Funny Benchmark with Julia (no longer) at the bottom

A. S. To prevent any confusion: at the time when this was originally posted, Julia’s run was about 600ms and was ~20x slower than Rust. This is not longer the case.

Resuming the original post…
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I stumbled upon this funny benchmark with Julia at the bottom of the list.

They (whoever wrote that code - I wasn’t curious to see the git blame) didn’t even account for compiling time.

If somebody has some time, they might be interested in fixing this (I am not even sure that the Julia code is doing only the work in the benchmark description).

Context: the F# version was also unfairly represented, and somebody fixed it (a little overkill there with some unidiomatic F# - but it is fast).

However, the benchmark doesn’t seem concerned with comparing apples to apples - anybody can jump on it and propose an implementation as long as they do not break the benchmark rules.


I’m betting @quinnj could make this fly, but not sure if worth the effort. It’s a small benchmark at least.


I think there is an update to the code, and in my machine here is the result.

Which beats all , the best benchmark time was Rust : 53 ms.

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Yes - I did the update. It’s pretty straightforward and naive - but the goal was to replace the weird/initial implementation that took about 0.6 seconds.


I’m not following… the current version of the Julia code is now the fastest? Then what’s to do?

I did the update after writing the initial post (the official result was not yet updated - so we can still see Julia with >0.5 seconds on that table).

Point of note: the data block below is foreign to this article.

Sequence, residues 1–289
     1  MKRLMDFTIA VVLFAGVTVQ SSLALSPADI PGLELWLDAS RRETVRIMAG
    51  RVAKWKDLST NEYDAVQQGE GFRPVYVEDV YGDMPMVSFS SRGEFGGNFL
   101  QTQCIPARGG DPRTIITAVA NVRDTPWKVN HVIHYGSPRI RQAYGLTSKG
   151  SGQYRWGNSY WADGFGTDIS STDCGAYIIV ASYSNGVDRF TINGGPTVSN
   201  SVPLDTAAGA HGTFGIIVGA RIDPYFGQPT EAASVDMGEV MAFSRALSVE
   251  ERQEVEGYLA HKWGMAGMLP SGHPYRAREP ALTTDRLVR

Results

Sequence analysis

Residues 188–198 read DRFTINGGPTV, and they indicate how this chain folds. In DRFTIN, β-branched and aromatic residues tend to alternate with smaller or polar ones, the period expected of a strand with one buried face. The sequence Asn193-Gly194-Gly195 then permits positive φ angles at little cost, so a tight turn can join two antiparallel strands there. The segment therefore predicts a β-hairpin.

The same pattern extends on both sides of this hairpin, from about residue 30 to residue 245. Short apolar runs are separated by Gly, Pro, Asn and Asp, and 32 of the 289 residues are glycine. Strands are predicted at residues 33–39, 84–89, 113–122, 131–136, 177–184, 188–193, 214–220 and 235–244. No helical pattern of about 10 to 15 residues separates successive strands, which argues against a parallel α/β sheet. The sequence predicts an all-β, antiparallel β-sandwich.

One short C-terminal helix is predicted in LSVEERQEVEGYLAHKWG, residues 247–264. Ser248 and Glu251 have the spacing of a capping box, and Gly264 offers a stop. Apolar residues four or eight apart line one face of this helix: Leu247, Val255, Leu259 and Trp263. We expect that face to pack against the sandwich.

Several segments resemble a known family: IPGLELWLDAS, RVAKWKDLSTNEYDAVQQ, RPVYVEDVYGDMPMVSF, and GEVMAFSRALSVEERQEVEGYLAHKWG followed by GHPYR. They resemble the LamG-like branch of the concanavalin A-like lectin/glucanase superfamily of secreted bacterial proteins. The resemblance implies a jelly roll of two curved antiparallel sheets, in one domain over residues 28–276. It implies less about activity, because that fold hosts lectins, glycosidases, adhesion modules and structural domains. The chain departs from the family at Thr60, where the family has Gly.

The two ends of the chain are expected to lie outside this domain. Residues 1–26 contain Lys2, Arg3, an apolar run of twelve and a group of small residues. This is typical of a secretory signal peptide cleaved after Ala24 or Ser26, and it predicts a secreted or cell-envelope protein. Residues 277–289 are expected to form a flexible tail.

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I guess if someone gripes about calling the function just to compile it prior to timing another call, maybe replace the first call with a precompile and check if that works as well? But the typical tendency of JIT compilation to make its way into 1-run benchmarks has already been adequately demonstrated, and that precompile wouldn’t solve this setup.

@Benny, the compilation time only explained about 100-150 ms of that result (at least on my machine).

It was also a matter of implementation.

Even a pretty naive fix changed things tremendously.

From the most recent PR:

| Go | 26.39 ms
| Zig | 38.00 ms
| Rust | 38.91 ms
| Java (GraalVM) | 40.00 ms
| Julia | 42.67 ms (down from >580 ms)

If somebody has some time and wants to play with it - it might be a nice exercise to improve the speed.

It is not about some popular benchmark, but it tries to showcase a real-world scenario - not some rarely encountered micro-benchmark.

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if you want to fix the second column (the including I/O, which is timing the julia script.jl from outside), you need to AOT I guess, not sure worth the effort…

Nope - it is about the first column.

Hi there,

I’m the author of the initial Julia implementations. (Sorry for finishing last !)